It is interesting that alterations in some regions of tubulin can confer resistance to Colcemid or to paclitaxel. This is especially evident for amino acid substitutions C211F, D224N, and S234N, reported here to confer resistance to Colcemid. As already discussed, these are close to previously described alterations near the paclitaxel-binding site and the M-loop of β-tubulin. The observation that alterations in the same region of the protein can confer resistance to drugs with opposing effects on microtubule assembly again argues that the changes are affecting microtubule assembly and stability rather than drug binding. They also emphasize the importance of this region in microtubule assembly and provide genetic confirmation for the microtubule structural model (40).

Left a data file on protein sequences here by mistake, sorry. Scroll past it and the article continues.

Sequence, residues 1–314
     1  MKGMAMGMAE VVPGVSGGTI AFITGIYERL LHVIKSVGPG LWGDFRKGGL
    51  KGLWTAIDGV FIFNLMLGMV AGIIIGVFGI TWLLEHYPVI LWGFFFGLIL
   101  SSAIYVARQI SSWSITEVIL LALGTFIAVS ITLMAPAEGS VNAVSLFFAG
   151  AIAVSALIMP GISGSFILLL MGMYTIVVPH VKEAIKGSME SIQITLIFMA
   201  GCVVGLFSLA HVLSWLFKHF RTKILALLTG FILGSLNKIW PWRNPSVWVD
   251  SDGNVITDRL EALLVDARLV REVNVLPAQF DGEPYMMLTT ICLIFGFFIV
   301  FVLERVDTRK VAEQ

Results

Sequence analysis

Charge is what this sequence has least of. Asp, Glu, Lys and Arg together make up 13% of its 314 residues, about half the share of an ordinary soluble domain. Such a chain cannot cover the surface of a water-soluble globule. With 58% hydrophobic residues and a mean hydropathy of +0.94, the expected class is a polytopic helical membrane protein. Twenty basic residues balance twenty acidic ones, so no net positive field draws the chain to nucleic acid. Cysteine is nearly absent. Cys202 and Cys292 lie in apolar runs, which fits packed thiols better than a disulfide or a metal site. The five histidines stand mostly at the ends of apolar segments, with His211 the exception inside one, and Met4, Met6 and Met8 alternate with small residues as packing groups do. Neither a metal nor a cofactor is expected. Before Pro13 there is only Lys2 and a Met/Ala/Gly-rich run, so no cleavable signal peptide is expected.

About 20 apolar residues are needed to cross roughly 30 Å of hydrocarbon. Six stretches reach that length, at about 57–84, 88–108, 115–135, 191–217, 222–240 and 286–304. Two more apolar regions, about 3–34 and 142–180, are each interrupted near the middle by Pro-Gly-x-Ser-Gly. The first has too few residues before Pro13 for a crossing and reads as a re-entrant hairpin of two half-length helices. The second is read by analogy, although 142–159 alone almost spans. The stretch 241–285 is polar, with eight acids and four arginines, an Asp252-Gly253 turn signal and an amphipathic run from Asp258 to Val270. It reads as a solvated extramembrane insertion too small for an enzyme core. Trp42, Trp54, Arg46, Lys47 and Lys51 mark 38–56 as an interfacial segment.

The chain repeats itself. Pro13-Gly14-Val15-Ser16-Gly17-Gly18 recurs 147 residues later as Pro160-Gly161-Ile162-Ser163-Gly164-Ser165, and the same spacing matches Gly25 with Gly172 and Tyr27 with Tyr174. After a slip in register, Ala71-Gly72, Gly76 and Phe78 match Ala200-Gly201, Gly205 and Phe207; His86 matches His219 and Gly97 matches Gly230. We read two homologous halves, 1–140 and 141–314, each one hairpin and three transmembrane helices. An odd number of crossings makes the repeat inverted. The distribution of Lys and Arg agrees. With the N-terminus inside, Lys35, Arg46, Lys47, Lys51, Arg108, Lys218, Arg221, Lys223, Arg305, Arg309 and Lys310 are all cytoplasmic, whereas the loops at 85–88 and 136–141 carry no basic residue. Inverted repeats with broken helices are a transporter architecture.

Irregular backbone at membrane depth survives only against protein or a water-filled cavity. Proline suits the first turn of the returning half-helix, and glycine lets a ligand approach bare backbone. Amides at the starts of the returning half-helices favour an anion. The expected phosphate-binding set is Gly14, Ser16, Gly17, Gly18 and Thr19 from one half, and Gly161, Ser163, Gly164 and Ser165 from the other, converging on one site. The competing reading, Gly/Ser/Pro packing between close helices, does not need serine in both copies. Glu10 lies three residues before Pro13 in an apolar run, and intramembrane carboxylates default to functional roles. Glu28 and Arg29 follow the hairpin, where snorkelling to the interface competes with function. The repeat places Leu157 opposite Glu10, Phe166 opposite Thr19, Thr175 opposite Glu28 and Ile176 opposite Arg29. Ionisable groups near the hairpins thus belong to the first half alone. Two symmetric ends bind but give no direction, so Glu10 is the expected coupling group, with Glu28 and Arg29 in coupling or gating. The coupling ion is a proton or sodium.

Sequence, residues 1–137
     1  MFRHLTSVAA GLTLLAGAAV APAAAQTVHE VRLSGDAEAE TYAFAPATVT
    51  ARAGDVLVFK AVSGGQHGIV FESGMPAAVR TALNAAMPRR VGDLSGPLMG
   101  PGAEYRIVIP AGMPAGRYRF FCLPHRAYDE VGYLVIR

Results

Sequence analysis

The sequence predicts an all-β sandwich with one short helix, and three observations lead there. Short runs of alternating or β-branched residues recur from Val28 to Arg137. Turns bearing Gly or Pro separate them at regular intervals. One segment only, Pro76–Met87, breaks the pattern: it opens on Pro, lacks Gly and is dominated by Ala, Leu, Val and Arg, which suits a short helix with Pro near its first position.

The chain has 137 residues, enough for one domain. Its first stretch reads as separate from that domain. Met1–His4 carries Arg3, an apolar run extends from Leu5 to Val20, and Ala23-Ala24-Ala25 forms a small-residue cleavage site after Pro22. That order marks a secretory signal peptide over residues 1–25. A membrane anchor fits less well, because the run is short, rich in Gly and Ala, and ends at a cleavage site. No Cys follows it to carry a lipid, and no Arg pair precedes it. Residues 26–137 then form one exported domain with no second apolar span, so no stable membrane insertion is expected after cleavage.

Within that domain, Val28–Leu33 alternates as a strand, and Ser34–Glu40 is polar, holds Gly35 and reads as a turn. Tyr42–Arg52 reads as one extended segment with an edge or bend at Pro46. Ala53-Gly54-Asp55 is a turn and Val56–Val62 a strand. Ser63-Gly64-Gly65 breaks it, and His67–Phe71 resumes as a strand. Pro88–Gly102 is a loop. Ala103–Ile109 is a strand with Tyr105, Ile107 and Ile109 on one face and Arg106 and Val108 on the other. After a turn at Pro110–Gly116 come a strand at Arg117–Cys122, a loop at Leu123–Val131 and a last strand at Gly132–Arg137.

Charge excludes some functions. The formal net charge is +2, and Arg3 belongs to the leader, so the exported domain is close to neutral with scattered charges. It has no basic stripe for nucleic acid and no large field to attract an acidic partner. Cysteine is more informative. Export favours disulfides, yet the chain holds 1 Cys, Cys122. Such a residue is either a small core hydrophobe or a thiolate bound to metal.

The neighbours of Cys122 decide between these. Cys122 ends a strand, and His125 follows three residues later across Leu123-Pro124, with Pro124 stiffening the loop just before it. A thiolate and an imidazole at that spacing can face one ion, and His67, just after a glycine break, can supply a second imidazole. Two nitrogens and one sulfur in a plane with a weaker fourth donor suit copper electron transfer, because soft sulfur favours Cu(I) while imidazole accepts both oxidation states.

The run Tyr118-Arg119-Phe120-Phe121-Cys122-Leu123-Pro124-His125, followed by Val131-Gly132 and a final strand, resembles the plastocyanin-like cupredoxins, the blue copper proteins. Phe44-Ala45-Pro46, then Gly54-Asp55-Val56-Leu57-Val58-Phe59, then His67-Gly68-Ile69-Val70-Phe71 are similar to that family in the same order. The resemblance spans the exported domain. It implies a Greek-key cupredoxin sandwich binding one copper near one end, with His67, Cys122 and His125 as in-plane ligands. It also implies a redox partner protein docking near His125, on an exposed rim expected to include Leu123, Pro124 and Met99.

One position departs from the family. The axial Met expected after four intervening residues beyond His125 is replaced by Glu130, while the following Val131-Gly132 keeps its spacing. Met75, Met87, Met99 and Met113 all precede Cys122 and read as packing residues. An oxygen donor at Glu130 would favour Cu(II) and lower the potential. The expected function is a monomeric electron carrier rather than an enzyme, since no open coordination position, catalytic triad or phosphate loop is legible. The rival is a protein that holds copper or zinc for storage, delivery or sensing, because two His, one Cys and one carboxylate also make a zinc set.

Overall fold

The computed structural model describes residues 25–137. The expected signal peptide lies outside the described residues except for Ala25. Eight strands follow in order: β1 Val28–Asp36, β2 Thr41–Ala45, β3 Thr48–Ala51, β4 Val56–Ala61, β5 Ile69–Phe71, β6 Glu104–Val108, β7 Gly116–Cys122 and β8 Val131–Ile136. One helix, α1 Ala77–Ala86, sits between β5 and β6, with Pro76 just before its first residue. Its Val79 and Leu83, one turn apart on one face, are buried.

In summary, we have described a dispersed set of alterations in both α- and β-tubulin that stabilizes microtubules and confers resistance to drugs that inhibit their assembly. The mutant properties implicate altered microtubule assembly as the mechanism of resistance, and the locations of the mutations in the structure of the microtubule are consistent with this interpretation. Few tubulin mutations have been reported thus far in mammalian cells, but overlap of one of our mutations with previously reported mutations in human cells and in Chlamydomonas suggests that certain tubulin alterations may be very common in a cell culture model. The relevance of these model systems to clinical resistance, however, remains to be established. One recent study that attempted to find tubulin mutations in tumor samples from patients unresponsive to paclitaxel was unsuccessful (52). Whereas it is premature to draw firm conclusions from limited studies, it seems probable that additional mechanisms need to be considered in examining the responses of a patient to chemotherapy. For example, a drug may not achieve therapeutic concentrations in a tumor because of pharmacokinetic changes in metabolism, excretion, or organ distribution that are absent in cell culture models of resistance. As we learn to give drugs more effectively, however, it is anticipated that cellular-based mechanisms of resistance such as mdr and tubulin alterations will be seen more frequently in a clinical setting.